by Kevin Yao and Joe Cash
BEIJING (Reuters) – China’s economy recorded sluggish second-quarter growth amid slowing domestic and external demand as post-COVID-19 momentum quickly waned, which could prompt authorities to adopt new stimulus measures to support activity.
These stimulus measures to get the economy back on track (real estate investment fell by 20.6% in June year on year) and curb unemployment (that of young people increased to 21.3% in June) risk however increase the country’s debt and create structural distortions.
According to figures released Monday by the National Bureau of Statistics, in seasonally adjusted data, the gross domestic product of the world’s second largest economy increased by only 0.8% over the April-June period compared to the previous quarter.
Analysts polled by Reuters had forecast a 0.5% rise in the second quarter after growing 2.2% in the first quarter as health restrictions were lifted.
On an annual basis, GDP grew by 6.3% in the second quarter, against 4.5% in the first three months of the year, but this rate is significantly lower than the consensus which was expecting growth of 7.3% .
The annual pace is the fastest since the second quarter of 2021, although it is heavily skewed by the economic impact linked to health restrictions last year in Shanghai and other major cities.
“The data suggests that China’s post-COVID boom is clearly over,” said Carol Kong, an economist at Commonwealth Bank of Australia in Sydney.
“Major indicators are up from May’s figures, but they still paint a grim and breathless recovery, while youth unemployment hits record highs,” she added.
Other data released alongside GDP shows retail sales in China rose 3.1% in June year on year, marking a sharp deceleration from May when they jumped 12, 7%. Analysts had expected retail sales to rise 3.2%.
Industrial production, on the other hand, recorded an unexpected acceleration in its growth last month to 4.4% over one year, after 3.5% in May. However, demand remains timid.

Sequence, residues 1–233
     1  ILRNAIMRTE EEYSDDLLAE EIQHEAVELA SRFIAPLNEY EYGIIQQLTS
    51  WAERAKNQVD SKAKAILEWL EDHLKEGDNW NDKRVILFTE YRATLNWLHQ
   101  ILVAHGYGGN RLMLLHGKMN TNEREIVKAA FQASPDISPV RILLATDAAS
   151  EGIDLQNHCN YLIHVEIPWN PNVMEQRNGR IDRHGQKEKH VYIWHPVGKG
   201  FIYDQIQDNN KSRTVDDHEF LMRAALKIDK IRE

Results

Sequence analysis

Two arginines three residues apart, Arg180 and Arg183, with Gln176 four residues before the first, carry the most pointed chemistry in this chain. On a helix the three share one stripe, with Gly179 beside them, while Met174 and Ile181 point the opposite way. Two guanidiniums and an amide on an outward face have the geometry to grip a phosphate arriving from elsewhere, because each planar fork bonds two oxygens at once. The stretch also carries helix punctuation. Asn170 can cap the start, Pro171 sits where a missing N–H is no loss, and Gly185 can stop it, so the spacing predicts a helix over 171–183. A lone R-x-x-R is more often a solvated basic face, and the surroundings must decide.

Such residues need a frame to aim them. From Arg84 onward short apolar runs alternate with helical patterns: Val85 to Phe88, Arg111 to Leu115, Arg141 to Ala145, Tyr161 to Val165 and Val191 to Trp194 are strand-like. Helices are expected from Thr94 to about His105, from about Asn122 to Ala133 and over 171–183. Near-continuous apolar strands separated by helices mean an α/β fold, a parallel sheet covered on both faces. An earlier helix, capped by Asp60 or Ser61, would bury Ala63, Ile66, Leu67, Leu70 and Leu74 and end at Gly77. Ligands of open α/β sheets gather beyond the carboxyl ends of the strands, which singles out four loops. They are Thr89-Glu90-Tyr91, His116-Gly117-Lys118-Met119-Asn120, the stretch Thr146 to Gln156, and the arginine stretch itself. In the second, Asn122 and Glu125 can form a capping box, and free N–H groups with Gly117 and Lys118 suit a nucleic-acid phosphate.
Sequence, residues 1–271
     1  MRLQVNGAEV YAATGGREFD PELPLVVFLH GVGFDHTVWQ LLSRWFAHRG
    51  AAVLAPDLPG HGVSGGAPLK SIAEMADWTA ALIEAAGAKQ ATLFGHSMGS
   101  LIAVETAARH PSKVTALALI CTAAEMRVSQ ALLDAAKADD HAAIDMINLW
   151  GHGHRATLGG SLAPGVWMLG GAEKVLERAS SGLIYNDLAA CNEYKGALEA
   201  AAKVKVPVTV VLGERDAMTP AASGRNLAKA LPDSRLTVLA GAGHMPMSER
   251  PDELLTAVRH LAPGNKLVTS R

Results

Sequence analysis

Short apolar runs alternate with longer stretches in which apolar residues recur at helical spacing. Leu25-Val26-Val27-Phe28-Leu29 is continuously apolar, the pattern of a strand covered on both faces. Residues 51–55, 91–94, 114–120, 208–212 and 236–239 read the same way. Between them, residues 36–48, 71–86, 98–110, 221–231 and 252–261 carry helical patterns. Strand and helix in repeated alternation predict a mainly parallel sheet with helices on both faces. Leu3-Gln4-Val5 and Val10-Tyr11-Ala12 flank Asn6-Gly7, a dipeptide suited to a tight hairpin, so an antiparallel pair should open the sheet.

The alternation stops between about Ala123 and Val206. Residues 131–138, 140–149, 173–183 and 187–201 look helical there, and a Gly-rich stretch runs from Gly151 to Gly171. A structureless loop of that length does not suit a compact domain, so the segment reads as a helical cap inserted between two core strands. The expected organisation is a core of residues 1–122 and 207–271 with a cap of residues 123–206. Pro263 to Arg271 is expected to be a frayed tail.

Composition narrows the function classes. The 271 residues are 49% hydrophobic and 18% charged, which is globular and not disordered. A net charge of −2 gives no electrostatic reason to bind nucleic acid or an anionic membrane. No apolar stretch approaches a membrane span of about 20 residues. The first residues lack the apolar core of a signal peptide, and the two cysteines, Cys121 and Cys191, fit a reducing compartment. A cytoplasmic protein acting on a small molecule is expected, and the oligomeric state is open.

Private investment in fixed assets fell 0.2% in the first six months of the year, in stark contrast to the 8.1% growth in public investment and suggesting low confidence on the part of private businesses .
Data released last week had already shown that China’s post-COVID recovery was rapidly running out of steam, with exports registering their biggest decline in three years due to slowing domestic and overseas demand. The continued decline in the real estate market, which accounts for about a quarter of the economy, weighed on confidence.
The weak momentum of the Chinese economy and the risks of a global recession have fueled hopes for increased action by Chinese officials to support activity.
According to experts and economists, the Chinese authorities should take further stimulus measures, especially in terms of budgetary expenditure to finance large-scale infrastructure projects. They could also increase their support for consumers and private companies and relax the rules in real estate.
RISK ON THE TARGET OF 5% OF GDP IN 2023
Analysts, however, doubt that this will be implemented quickly as all eyes are now on the Politburo meeting, the ruling body of the Chinese Communist Party (CCP), scheduled for the end of the month, during which the main leaders could set policy for the rest of the year.
Equity markets in Asia ended in the red, while the Chinese yuan depreciated after the release of this data.
Even if China remains on track to achieve its modest growth target of 5% for this year, the risk of a failure for the second consecutive year cannot be ruled out, say some economists.
“The 6.3% figure is quite disappointing, so it’s clear that the momentum is slowing down,” said Alvin Tan, head of Asia currency strategy at RBC Capital Markets in Singapore.
“At this rate of deceleration, there is now a risk that the growth target will not be met – that 5% may not be achieved if the economy continues to decelerate at this rate. So I think it is even more urgent to build political support in the near future,” he said.
China’s economy grew only 3 percent last year due to COVID-19 outbreak restrictions, missing the official target set.
(Reporting Kevin Yao, Ellen Zhang and Joe Cash; writing by Shri Navaratnam, Claude Chendjou, editing by Kate Entringer)
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